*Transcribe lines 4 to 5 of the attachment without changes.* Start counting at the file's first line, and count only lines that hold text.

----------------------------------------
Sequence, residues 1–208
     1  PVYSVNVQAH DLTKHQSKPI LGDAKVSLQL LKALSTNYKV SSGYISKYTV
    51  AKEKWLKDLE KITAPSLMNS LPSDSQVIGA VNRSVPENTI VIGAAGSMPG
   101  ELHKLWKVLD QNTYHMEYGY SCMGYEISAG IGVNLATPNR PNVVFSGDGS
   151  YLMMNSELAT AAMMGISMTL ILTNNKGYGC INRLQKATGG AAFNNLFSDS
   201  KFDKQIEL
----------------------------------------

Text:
   101  ELHKLWKVLD QNTYHMEYGY SCMGYEISAG IGVNLATPNR PNVVFSGDGS
   151  YLMMNSELAT AAMMGISMTL ILTNNKGYGC INRLQKATGG AAFNNLFSDS